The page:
Sex Offender Registry FAQs

person flipping through documents with a gavel on the table nearby

There are certain crimes for which, if you’ve been convicted, you are required to register as a sex offender. This, undoubtedly, can be an intimidating and unpleasant process. We know that and we also know that one way to decrease that is to know what to expect. If you do find yourself having to register, or thinking you may have to register, we are here to help you through that process. Take a look at these frequently asked questions and give us a call.

  • How does the process of registration work? This will depend on what state and court you are in. In Washington, you must reside in the county you live in and the county where you work or go to school. If you don’t reside in Washington, but you work or go to school in Washington, you still need to register in the county where you work or go to school. You’ll need to provide your full name, your address, your date of birth and place of birth, your place of employment, social security number, photograph, fingerprints and the date and place of the conviction as well as the crime for which you are convicted. It’s important to have all of this information readily accessible to prevent delays in the process.
  • Will my registration be published statewide? If you are a level II or III offender, then your registration will be published on the state registry website. If you are level I, however, unless you are transient or non-compliant, your registration will not be published on the website. Level I offenders are determined to have the lowest risk of reoffended once released, level II have a moderate risk and level II have the highest risk of reoffending.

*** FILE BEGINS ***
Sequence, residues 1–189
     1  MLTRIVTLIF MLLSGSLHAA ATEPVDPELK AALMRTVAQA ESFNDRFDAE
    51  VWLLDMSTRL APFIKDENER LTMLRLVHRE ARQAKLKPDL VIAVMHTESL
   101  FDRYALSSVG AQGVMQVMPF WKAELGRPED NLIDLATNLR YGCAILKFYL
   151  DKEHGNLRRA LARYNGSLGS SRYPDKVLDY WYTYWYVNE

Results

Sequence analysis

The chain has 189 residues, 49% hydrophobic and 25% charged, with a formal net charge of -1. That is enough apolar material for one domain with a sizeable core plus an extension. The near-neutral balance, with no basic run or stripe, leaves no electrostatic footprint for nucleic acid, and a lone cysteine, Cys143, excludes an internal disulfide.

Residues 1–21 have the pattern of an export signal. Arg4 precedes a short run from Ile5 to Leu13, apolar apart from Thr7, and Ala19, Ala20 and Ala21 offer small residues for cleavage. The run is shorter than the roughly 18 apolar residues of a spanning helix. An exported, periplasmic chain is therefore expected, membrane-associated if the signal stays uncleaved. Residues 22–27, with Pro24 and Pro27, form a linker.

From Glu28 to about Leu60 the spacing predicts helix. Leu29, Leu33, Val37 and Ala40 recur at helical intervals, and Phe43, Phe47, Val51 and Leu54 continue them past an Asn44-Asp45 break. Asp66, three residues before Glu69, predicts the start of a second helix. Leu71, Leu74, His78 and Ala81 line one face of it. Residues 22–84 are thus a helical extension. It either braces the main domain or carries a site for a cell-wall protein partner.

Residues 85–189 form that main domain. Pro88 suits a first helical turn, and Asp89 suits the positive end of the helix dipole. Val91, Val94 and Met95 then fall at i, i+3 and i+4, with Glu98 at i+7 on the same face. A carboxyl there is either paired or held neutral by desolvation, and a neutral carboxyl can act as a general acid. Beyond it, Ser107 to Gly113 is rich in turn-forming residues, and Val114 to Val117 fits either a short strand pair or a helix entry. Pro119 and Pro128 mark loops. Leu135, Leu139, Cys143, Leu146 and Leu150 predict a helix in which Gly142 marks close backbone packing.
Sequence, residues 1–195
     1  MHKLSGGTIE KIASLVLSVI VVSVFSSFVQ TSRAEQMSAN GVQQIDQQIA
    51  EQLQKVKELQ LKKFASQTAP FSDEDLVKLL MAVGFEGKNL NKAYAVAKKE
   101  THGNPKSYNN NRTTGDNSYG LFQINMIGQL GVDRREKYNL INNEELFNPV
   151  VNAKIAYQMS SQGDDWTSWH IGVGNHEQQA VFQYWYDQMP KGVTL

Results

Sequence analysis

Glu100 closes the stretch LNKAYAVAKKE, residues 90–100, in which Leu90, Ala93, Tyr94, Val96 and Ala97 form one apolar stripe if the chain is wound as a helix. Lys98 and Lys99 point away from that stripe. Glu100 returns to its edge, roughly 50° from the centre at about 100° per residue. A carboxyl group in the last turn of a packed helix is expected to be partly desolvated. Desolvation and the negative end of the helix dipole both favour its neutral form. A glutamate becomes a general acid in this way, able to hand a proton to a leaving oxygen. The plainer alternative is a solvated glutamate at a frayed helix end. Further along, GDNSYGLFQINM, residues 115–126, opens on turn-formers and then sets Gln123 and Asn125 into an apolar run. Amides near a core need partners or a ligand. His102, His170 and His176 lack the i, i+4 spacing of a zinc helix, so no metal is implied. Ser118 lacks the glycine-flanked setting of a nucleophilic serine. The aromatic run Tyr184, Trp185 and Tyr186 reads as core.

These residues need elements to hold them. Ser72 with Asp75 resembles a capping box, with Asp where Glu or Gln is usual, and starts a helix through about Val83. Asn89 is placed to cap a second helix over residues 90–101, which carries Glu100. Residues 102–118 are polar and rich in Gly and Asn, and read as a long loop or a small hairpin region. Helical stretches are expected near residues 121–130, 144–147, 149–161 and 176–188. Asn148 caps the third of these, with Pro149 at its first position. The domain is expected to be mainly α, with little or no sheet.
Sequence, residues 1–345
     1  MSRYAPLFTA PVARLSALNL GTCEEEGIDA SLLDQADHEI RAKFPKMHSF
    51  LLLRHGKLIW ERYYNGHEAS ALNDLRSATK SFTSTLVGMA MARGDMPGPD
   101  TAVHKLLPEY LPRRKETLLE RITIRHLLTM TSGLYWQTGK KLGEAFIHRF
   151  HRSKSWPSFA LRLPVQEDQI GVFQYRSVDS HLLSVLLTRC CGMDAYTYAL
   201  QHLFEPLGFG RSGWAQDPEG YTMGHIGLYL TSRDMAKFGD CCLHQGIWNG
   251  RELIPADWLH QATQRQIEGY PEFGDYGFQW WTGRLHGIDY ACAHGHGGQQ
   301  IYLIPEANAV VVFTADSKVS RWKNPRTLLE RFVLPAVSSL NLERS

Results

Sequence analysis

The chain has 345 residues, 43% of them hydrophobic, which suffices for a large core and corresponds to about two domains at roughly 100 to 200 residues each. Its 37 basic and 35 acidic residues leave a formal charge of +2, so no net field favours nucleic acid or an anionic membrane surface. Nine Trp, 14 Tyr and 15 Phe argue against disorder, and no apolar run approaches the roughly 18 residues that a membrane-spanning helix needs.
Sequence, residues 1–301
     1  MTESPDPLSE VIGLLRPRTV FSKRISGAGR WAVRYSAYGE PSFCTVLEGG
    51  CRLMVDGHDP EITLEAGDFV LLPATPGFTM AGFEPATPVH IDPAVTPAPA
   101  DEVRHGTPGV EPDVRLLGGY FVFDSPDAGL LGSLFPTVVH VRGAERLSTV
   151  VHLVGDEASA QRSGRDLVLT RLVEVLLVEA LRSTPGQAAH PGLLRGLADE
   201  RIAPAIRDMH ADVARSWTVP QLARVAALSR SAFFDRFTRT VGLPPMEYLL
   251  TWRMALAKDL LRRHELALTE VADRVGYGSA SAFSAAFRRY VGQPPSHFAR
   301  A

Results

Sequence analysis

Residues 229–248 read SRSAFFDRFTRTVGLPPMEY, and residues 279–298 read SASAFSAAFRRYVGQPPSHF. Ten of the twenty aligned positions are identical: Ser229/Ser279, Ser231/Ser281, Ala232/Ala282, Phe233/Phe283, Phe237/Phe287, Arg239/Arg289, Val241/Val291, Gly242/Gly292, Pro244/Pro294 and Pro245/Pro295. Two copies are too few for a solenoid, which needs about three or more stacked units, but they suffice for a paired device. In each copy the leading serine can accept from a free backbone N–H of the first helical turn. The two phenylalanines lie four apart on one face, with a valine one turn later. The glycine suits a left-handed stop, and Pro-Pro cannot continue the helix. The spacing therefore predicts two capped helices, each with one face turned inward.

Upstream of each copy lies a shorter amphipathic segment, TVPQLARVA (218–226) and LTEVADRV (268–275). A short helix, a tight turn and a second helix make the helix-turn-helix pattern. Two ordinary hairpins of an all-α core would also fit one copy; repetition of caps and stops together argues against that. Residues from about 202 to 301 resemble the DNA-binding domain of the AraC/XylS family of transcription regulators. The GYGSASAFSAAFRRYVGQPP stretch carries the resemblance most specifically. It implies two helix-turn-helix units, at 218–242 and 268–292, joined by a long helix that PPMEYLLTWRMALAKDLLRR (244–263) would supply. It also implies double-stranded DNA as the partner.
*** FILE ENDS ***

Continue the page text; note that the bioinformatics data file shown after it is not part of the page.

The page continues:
• Can I still see my children? In Washington, it is against the law to leave minor children under the care of a registered sex offender who has an offense against a child. However, there are exceptions to this rule that may allow you to remain an active part of your child’s life. These can include a court issuing an order allowing unsupervised contact or a family reunification plan. We know this is crucial and recommend speaking with an attorney if you have children and are convicted of a sex offense.
  • Will this affect my employment? Legally, employers cannot discriminate against applicants for a criminal history, they are allowed to ask about criminal history. If you are looking to further your education to obtain a higher level of employment, there are strict rules that come along with that as well. You may need to notify the sheriff in the county where you will be attending school, in addition to updating your registration.

Making sure you register timely, accurately and keep your registration up-to-date is extremely important. If you fail to do any of those things, you could find yourself in legal trouble and facing additional consequences. If you have to register and are unclear on what you need to do, contact us today for a consultation.